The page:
American Family Insurance and Microsoft Corp. recently announced the establishment of a business accelerator which will focus on home automation. According to the release, “the accelerator will help the next generation of startups create advancements that can help lead to safer and smarter homes.”
We also think that this will help American Family get a head start on a road that leads to smarter insurance products, pricing, and services.
We’d like your thoughts here.
Is telematics just a gateway drug?
Telematics is all the news these days. Although we have a low double digit count of insurers who have announced or implemented telematics-enabled usage-based insurance (UBI) programs in Canada, it seems that the die is cast. Most commentators agree that, over a 10 year period in North America, there will be a penetration rate of 20%-35% of insurance policies written on a UBI model. UBI will be entrenched in the fabric of insurance in Canada.
The outcome? This will likely cause some disruption, but not the end of the world for telematics-free insurers.
Unless, telematics just the entry point to a new model for insurance.
It’s about the (big) data …
Writing in Insurance Networking News, Chunka Mui, of Devil’s Advocate Group, Mike Boyle, from Perseus Technical Strategies, and INN editor Chris McMahon posit that while insurers have always relied heavily on data, things are changing more rapidly and more radically than common wisdom suggests: “market competition is likely to soon be defined by how well carriers leverage data-based decision making across every aspect of their business, including rating, product design, underwriting, claims, acquisition, retention and cross-selling.”
The authors cite 3 winds fueling this particular tornado:
- Telematics, collision avoidance and self-driving technologies are lowering accident frequencies, which will drive down premiums;
- The volume and velocity of the data created by these advanced automotive technologies will accelerate the importance of data mastery and analytics
- The rate of consumer adoption will require insurers to accelerate speed to market, or suffer from adverse selection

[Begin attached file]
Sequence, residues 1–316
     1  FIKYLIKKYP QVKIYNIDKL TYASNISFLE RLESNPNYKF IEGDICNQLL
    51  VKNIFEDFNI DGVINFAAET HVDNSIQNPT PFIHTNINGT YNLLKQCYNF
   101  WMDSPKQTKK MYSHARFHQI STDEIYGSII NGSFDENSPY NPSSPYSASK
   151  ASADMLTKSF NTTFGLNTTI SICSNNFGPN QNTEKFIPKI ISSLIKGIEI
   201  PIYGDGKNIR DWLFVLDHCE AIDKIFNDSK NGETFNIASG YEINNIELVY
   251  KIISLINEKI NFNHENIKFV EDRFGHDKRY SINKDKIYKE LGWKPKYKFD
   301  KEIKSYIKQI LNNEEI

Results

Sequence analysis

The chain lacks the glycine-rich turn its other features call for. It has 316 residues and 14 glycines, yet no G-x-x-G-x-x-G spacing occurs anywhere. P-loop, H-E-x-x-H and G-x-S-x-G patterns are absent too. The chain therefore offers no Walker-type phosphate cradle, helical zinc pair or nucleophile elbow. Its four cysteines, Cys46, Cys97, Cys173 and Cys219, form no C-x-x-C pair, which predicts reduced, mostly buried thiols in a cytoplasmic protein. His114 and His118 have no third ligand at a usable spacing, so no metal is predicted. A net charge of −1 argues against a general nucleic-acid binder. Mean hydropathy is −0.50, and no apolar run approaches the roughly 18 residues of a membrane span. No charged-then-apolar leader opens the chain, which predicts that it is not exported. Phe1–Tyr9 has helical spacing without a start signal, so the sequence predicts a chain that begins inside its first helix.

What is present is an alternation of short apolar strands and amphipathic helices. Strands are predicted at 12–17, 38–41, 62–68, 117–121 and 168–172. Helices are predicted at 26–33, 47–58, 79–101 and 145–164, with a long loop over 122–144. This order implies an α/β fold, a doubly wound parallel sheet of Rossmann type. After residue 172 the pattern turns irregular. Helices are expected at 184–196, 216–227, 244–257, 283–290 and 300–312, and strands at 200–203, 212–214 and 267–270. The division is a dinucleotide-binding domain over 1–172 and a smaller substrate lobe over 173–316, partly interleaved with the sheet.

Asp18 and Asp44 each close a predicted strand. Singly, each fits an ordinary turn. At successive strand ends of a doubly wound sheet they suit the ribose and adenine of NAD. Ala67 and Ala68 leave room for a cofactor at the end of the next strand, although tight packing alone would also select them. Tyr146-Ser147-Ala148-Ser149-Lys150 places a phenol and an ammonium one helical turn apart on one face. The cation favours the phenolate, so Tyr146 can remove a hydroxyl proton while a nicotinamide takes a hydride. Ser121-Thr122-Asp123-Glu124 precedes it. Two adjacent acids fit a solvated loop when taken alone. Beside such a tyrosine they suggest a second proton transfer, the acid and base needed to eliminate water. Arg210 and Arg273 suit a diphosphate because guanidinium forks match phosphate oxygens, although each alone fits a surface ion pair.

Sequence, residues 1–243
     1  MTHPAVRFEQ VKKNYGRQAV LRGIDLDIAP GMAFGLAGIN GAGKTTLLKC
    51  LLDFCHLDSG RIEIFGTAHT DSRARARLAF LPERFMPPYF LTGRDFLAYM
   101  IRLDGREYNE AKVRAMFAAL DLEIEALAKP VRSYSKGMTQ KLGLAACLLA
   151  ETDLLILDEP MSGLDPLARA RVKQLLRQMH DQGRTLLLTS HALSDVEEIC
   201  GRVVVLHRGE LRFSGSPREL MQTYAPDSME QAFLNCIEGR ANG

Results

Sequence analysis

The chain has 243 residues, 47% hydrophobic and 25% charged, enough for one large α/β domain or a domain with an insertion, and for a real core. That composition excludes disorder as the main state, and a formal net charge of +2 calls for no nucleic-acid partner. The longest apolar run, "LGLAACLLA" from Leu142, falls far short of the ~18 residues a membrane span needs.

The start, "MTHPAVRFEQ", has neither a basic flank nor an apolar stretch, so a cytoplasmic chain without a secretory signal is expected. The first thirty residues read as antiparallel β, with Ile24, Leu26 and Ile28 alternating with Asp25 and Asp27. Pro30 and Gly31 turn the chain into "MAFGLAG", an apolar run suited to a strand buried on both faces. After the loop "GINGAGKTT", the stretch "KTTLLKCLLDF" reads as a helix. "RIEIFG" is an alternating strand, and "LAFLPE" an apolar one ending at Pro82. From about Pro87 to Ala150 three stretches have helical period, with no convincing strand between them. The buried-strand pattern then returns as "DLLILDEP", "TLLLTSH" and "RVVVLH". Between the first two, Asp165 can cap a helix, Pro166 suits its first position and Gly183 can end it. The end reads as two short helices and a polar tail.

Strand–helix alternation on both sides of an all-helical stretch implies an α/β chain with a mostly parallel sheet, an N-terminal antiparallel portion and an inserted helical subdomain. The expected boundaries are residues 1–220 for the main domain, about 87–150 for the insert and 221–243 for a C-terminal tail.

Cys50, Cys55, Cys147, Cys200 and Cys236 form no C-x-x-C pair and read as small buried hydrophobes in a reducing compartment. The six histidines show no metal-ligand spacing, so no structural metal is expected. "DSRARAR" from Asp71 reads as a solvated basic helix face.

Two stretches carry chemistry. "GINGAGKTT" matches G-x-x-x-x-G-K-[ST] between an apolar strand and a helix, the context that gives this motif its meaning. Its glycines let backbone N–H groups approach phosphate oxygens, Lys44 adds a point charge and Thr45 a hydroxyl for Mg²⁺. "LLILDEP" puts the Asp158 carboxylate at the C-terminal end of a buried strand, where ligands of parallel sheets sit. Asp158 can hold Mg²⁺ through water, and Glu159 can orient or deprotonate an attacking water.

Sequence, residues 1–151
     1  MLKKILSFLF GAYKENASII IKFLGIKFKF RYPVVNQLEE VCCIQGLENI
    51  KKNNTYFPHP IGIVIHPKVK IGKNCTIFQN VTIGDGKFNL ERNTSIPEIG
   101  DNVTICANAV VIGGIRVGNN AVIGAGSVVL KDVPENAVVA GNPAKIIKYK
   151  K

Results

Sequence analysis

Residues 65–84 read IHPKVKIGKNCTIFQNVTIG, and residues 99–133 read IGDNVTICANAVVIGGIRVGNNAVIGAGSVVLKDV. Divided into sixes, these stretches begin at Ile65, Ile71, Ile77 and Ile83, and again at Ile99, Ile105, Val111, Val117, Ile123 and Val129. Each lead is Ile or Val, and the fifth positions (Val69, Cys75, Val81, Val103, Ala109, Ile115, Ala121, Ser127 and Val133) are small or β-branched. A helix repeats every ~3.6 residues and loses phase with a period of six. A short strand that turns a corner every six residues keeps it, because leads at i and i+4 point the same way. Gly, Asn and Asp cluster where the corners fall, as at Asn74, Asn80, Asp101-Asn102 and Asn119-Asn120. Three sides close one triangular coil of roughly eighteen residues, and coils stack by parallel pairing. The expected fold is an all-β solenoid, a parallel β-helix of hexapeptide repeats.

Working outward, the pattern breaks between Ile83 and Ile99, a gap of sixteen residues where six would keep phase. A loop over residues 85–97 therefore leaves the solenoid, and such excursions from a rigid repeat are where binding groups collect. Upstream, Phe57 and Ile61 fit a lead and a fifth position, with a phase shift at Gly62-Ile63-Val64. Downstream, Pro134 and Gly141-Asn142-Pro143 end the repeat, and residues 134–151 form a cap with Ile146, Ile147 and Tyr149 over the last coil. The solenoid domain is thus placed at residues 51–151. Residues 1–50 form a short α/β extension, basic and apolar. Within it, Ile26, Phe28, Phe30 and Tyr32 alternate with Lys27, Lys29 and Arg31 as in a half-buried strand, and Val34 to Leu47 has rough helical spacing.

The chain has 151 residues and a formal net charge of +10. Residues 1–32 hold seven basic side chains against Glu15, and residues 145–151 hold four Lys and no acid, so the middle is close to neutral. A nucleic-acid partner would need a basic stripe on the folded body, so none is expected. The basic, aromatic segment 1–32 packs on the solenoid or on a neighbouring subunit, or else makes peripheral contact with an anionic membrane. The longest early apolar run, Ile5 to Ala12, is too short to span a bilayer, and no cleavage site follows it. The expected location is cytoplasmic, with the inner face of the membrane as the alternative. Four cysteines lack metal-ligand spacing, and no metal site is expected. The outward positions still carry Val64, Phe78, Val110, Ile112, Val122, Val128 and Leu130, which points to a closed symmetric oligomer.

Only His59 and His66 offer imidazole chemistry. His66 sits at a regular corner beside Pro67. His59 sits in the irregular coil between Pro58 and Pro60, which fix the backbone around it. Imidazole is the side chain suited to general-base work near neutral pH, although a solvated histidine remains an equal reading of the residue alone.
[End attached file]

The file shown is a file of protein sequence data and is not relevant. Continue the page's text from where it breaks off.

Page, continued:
And, while the focus is on automotive technology, we believe the spill over to other lines is inevitable. The industry is coming to a “defining moment”. The authors conclude:
Those who lead must prepare for a technologically-driven disruption, or risk being saddled with bad risks and withering into irrelevancy. CIOs and other senior leaders should create robust simulations of the business under different assumptions about adoption and the impact of the technology…
Queue the Internet of Things
Posting on the Celent blog, recently, Donald Light, the analyst firm’s Director, Americas Property/Casualty Practice, focused on Apple’s announcement of two new frameworks “aimed squarely at two of the hottest sectors in the Internet of Things (IoT): HealthKit and HomeKit”. The former facilitates communication with fitness and health apps. The latter, “uses Siri to poll and control household appliances and systems (heating and cooling, lighting, security (and eventually entertainment?)”
The announcement named some key partners for Apple, including the Mayo clinic and Phillips Lighting. Light then notes:
What is missing from this announcement is any mention of how health insurers or homeowners insurers could participate in what Apple wants to be a foundational step for connecting networked sensors to data stores, and then using analyses of that data to better price, underwrite, and control losses.
After noting how effectively smart phones are changing aspects of insurance, Light notes that Apple is positioning itself to do the same with the Internet of Things.
Light then poses the money question: “Will insurers jump on this wave—or stay on the beach?”
That analytics engine seems to have some capacity…
This is where we need your help.
If you are an insurer and you have just invested multiple millions of dollars to have advanced analytics capacity (hardware, software, and grey-matterware), does it make sense to use it just for one line of business? Or would you think that maybe what’s good for the auto-goose, might be good for the property-gander?
And if you write commercial lines as well, would you keep the the analytics capability tucked into a personal lines envelope?
What do you think?